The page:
Bengals are wonderful cats. Unfortunately there is a lot of misinformation and bad press about them. The myth about Bengals can be traced to a few sources including a couple of web sites and a TV show. Sadly, both the TV show and the web site incorrectly portray them as being wild and aggressive. Additionally, since Leopard Cats are used to develop the breed there is a misconception that Bengals are wild and unmanageable. These accusations are not based in fact. Bengals are domestic cats and make wonderful companions. Like any breed of cat, if they are not properly socialized as kittens, or if they are mistreated, they can develop behavior issues. Unfortunately when a Bengal does develop behavior issues, some people mistakenly attribute it to the breed, saying that Bengals are wild, instead of acknowledging that all breeds can develop the same problems for the same reasons. Most cats that act wild and/or feral usually have not been socialized properly or have been neglected and/or mistreated.

Bengals are not for everyone though. Bengals are super intelligent and high-energy cats that need to interact with the people they share their lives with. If you are looking for a cat that will sit around quietly looking beautiful, a Bengal is not for you. Bengals are active and demanding cats, forming tight bonds with the people they share their lives with.

It is important to examine your lifestyle before bringing a Bengal home. In some ways Bengals are like two-year-old children, they do not do well when they are ignored. If you work long hours away from home each day, a Bengal is not the right cat for you. They are very smart and can get bored. Some will redecorate your home in your absence. TPing the home, knocking things off the shelves and opening cabinets are a few of the common redecorating themes. Other Bengals, when left alone day after day, may develop other behavior issues. Adopting the right buddy for your Bengal sometimes helps resolve the problems. Additionally, some Bengals are very vocal. If you live in an apartment, the neighbors might not appreciate loud howls or meows early in the morning.

Bengals are very creative. The vocal repertoire of Bengals can be very charming. Most Bengals like to hold conversations with the people they live with. The majority of Bengals are very affectionate, wanting to spend every minute with their human friends, following them around like little puppy dogs. Many are not lap cats since they usually have other things on their agenda that are more pressing. Playing fetch for hours with their special human companion is a favorite activity for most Bengals. They will also help with the dishes, play in the sink, drink from the faucets, steal pens and silverware, and help with the laundry. Generally speaking, they are very athletic and love to hang out in high places. Having a Bengal for a companion is very rewarding and entertaining, but it does take commitment and lots of interaction. You cannot ignore a Bengal.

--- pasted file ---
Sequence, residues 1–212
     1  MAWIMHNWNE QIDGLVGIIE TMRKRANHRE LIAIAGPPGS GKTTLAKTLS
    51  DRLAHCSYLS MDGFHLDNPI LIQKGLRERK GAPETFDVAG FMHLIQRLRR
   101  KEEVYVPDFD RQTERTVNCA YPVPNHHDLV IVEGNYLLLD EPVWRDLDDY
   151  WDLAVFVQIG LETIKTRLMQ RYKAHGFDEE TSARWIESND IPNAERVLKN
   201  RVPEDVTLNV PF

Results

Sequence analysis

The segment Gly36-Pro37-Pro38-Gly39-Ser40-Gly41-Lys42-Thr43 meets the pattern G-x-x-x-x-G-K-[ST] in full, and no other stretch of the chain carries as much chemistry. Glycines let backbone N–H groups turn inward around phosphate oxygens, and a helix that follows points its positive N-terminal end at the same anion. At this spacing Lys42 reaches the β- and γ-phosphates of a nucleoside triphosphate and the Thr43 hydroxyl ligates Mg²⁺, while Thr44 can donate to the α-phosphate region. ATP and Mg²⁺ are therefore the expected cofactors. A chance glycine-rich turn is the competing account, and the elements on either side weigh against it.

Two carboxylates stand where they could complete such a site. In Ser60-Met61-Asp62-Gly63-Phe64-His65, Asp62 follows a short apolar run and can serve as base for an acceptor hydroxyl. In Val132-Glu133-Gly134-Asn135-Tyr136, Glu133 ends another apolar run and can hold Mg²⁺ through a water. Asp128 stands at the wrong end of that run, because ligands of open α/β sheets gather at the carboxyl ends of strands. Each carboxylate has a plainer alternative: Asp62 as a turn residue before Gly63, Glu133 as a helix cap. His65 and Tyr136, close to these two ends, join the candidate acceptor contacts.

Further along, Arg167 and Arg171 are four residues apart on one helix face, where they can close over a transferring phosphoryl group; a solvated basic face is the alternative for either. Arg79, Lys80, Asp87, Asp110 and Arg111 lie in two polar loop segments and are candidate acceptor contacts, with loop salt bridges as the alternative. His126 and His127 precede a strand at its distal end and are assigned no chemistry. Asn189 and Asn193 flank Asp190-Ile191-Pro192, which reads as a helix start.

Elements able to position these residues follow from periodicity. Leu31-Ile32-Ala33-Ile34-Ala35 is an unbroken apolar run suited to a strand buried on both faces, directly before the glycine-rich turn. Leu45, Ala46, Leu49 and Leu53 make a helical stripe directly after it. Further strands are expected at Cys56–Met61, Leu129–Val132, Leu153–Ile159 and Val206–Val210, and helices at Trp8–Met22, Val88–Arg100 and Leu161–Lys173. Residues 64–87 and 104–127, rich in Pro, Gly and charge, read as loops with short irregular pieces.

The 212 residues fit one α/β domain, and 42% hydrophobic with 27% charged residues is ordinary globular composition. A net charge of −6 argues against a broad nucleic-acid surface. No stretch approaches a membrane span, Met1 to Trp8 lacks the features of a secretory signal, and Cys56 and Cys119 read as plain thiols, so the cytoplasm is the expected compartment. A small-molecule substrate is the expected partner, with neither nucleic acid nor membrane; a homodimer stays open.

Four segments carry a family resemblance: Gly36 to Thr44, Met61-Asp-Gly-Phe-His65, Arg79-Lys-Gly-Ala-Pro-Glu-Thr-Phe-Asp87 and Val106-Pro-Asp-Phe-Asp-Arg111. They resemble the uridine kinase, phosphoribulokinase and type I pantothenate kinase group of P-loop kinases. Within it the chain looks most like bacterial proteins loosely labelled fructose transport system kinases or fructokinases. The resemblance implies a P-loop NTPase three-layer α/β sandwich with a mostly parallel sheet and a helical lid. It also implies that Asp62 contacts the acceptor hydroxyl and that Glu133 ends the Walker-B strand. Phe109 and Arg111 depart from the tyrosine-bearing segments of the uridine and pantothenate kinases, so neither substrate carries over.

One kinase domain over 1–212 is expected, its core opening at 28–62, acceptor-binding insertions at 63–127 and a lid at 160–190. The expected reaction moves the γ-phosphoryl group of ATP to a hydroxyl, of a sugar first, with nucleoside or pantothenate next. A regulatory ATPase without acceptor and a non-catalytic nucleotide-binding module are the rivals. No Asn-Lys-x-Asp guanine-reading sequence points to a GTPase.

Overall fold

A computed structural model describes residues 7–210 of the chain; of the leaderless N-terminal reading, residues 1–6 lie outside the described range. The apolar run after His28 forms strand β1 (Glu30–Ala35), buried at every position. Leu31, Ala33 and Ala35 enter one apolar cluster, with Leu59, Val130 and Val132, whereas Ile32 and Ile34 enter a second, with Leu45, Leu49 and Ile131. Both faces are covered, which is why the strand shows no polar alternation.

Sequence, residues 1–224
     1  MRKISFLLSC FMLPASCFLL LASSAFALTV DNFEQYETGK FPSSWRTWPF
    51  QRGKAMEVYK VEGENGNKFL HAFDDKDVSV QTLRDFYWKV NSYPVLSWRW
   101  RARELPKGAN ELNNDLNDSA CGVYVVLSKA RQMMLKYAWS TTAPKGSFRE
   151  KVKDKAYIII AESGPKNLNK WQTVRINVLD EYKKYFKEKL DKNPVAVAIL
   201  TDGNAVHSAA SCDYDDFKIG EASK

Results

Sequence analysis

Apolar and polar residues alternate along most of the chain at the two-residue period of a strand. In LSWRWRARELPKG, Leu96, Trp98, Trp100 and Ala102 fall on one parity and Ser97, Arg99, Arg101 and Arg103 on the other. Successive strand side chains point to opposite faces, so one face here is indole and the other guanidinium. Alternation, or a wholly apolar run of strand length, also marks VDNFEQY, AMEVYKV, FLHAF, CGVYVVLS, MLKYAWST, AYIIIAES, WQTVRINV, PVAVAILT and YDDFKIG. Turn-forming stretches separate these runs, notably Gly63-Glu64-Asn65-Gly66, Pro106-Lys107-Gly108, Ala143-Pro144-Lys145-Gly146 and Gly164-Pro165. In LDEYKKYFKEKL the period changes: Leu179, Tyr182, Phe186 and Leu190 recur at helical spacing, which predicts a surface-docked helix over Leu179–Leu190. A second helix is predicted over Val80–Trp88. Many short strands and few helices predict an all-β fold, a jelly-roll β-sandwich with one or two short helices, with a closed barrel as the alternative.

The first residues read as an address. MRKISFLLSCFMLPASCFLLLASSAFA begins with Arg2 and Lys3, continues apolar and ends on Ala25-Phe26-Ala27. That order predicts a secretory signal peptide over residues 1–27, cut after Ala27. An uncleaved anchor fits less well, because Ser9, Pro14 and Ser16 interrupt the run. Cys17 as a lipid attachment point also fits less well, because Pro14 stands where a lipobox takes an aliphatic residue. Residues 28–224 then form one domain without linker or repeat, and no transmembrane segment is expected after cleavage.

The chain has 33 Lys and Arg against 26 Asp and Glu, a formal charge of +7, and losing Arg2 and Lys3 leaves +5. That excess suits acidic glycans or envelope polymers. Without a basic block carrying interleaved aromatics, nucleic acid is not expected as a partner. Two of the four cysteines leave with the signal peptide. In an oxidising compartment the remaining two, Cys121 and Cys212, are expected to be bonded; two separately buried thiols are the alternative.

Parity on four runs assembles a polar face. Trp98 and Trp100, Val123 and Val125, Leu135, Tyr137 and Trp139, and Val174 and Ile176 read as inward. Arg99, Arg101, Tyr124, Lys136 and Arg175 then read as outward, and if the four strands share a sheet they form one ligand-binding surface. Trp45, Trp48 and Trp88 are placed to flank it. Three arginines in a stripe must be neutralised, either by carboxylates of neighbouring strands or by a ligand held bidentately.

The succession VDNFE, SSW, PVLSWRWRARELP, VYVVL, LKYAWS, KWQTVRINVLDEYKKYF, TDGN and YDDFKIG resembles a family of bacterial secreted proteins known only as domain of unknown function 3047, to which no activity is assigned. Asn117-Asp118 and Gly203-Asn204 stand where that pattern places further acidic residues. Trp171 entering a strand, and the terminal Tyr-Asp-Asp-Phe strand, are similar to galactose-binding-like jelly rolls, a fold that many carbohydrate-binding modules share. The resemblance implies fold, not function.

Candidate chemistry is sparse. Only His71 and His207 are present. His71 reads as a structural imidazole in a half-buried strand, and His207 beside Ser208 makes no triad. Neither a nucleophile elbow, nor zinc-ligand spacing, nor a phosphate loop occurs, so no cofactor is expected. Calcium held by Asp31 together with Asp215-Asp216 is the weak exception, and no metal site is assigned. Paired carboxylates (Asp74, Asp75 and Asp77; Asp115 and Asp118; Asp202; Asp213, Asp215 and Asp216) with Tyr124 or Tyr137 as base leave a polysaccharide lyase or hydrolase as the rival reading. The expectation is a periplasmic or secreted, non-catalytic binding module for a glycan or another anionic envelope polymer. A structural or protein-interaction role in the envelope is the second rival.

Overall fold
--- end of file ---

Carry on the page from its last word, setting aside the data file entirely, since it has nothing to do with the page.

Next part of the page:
Bengals should not be allowed outside. It's too dangerous. Added to the regular list of dangers for an outside cat is the threat of being stolen. Bengals are the chat d'jour and they are frequently stolen.

Bengals are special cats. They are not wild and aggressive cats with lots of behavior challenges. They are intelligent, hyperactive cats that need affection and interaction from the people they share their lives with. Before deciding to commit to a Bengal please make sure you have the time and commitment that is necessary when opening your home up to a Bengal.

© December 2006 by Marilyn Krieger.
You can find out more about The Cat Coach at
Marilyn can be reached for phone or on-site consultations for solving cat behavior problems either by e-mail or by phone: 650 780 9485. Marilyn also teaches cat behavior classes in Sunnyvale, CA at For Other Living Things . Marilyn is certified through The International Association of Animal Behavior Consultants

Animal Radio® made possible by: FIDO FRIENDLY MAGAZINE
Fido Friendly magazine lists accommodations where you can stay with your dog while traveling in the United States and Canada. Each quarter, our editorial includes hotel, city and state reviews.

Animal Minute with Britt Savage

Scooter Gets a Scooter
Originally, Scooter's owner was unable to care for him, but not anymore. Scooter ended up at the Pet Kare Clinic and was adopted by Bill Higby. Scooter had been terribly injured and was not able to move his back end, and had little chance of surviving.

But, with the help of Bill, Scooter's new owner, Scooter gets around on, well, a "scooter." Not only did Bill build Scooter a scooter, he takes him to the vet once a week for acupuncture to get his "chi" flowing.

Do you think this is going overboard? Bill doesn't ­ he said it's just what you do for your family.


The Twelve Neighs of Christmas
1. Ten of your holiday favorites sung by real live animals-plus some human guest stars. (Jingle Bells, Rockin Around the Christmas Tree, Silver Bells, White Christmas, Carol of the Barn)
2. Only $9.99plus $2 S&H
3. The Twelve Neighs of Christmas was the editor's pick in Young Rider Magazine.
4. Hilarious CD, perfect fro young and old.
5. Featuring some of Nashville's most talented musicians -
Mike Waldron (currently on tour with Lee Ann Womack, has toured with Martina McBride & Tanya Tucker. Marcia Ramirez (currently on tour with Patty Loveless, has toured with Mindy McCready, Rodney Crowell and Pam Tillis) Wes Little (currently touring with Billy Dean, has played drums on Broadway and with Chuck D and Steven Tyler) Britt Savage (currently heard on Animal Radio
®, has sung with Garth Brooks, Trisha Yearwood, Tony Bennet and with the Nashville Opera.
You can purchase The Twelve Neighs of Christmas at
All major credit cards and Paypal accepted.